THURSDAY, May 24, 2018 -- Sufferers of severe eczema may be at greater risk for heart attack, stroke and irregular heartbeat, British researchers report. Although the added risk is small, it's important from a public health perspective because... (Source: Drugs.com - Daily MedNews)
Source: Drugs.com - Daily MedNews - May 24, 2018 Category: General Medicine Source Type: news

South Asian Americans are at high risk for heart disease and stroke
(American Heart Association) South Asian Americans are more likely to die of atherosclerosis than other Asians and people of European ancestry. Higher rates of diabetes and lack of exercise appear to be important factors in their increased risk. (Source: EurekAlert! - Medicine and Health)
Source: EurekAlert! - Medicine and Health - May 24, 2018 Category: International Medicine & Public Health Source Type: news

South Asian-Americans at higher risk for heart disease and stroke
(Rush University Medical Center) South Asians living in the United States are more likely to die of heart conditions caused by atherosclerosis, such as heart attacks and strokes, than East Asians and non-Hispanic whites in the US. (Source: EurekAlert! - Social and Behavioral Science)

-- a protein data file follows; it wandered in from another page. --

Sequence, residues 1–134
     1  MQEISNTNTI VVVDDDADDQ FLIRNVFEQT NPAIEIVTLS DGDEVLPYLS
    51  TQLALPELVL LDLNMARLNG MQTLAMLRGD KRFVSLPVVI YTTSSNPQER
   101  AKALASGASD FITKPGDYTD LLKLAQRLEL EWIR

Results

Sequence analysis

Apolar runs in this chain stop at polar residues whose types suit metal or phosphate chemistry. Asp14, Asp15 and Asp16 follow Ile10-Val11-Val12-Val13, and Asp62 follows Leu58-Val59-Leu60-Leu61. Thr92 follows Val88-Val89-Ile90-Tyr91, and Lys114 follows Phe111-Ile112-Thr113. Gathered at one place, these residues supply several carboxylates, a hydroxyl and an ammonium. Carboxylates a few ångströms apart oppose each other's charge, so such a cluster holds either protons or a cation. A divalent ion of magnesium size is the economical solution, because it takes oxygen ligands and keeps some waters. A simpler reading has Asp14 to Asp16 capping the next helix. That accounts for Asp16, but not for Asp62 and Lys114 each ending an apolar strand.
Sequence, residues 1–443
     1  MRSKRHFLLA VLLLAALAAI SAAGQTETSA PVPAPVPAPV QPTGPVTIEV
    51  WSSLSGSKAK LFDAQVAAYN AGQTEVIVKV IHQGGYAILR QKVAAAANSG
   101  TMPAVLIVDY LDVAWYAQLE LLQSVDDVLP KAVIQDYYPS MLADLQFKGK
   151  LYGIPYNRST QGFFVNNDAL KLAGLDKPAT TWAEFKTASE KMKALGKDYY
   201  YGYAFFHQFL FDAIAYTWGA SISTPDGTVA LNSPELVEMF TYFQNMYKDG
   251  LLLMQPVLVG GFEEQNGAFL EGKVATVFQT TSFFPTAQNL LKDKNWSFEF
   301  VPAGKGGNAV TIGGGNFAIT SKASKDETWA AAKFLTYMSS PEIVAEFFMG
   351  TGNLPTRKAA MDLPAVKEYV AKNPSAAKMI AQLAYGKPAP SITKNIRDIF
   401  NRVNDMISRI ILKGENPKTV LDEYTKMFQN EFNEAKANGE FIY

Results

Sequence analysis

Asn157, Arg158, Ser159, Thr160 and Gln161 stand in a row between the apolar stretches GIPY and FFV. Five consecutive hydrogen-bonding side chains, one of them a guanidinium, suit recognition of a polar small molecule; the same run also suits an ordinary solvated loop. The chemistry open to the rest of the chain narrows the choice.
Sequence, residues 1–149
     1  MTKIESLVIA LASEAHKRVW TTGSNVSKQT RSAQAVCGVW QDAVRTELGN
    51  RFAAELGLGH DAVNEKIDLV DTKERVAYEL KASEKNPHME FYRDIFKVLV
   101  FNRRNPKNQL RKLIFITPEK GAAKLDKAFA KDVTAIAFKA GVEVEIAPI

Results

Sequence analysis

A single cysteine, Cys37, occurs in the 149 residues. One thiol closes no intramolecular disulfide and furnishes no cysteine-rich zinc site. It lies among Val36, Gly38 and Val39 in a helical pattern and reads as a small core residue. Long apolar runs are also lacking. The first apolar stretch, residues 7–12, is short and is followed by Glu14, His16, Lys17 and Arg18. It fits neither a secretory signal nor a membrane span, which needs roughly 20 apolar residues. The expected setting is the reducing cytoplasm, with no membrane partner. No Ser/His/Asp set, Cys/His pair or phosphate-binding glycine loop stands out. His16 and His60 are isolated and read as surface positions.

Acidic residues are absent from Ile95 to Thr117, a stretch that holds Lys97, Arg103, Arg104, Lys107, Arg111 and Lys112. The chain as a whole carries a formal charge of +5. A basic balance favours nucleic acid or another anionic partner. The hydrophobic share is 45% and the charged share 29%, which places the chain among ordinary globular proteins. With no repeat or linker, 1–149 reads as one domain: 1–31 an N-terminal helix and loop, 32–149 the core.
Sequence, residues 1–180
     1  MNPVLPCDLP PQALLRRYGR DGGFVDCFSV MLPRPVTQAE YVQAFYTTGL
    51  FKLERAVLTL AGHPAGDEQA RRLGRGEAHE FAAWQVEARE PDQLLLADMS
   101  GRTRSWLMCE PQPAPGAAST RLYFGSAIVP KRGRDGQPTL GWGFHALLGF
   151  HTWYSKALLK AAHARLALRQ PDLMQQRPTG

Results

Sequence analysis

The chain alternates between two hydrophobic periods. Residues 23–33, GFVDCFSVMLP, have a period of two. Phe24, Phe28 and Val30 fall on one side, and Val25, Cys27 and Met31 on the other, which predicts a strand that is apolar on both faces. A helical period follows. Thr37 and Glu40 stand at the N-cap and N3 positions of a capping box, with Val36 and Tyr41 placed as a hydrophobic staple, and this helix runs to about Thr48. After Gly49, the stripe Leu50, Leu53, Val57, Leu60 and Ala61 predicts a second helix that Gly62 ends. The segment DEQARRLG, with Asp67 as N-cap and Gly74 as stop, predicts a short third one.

Source: EurekAlert! - Social and Behavioral Science - May 24, 2018 Category: International Medicine & Public Health Source Type: news

Too much screen time raises the risk of death from heart disease and cancer
Researchers at Glasgow University say spending hours on end in front of your TV or computer raises your risk of dying young or getting cancer or heart disease, but exercise could undo the bad effects. (Source: the Mail online | Health)
Source: the Mail online | Health - May 24, 2018 Category: Consumer Health News Source Type: news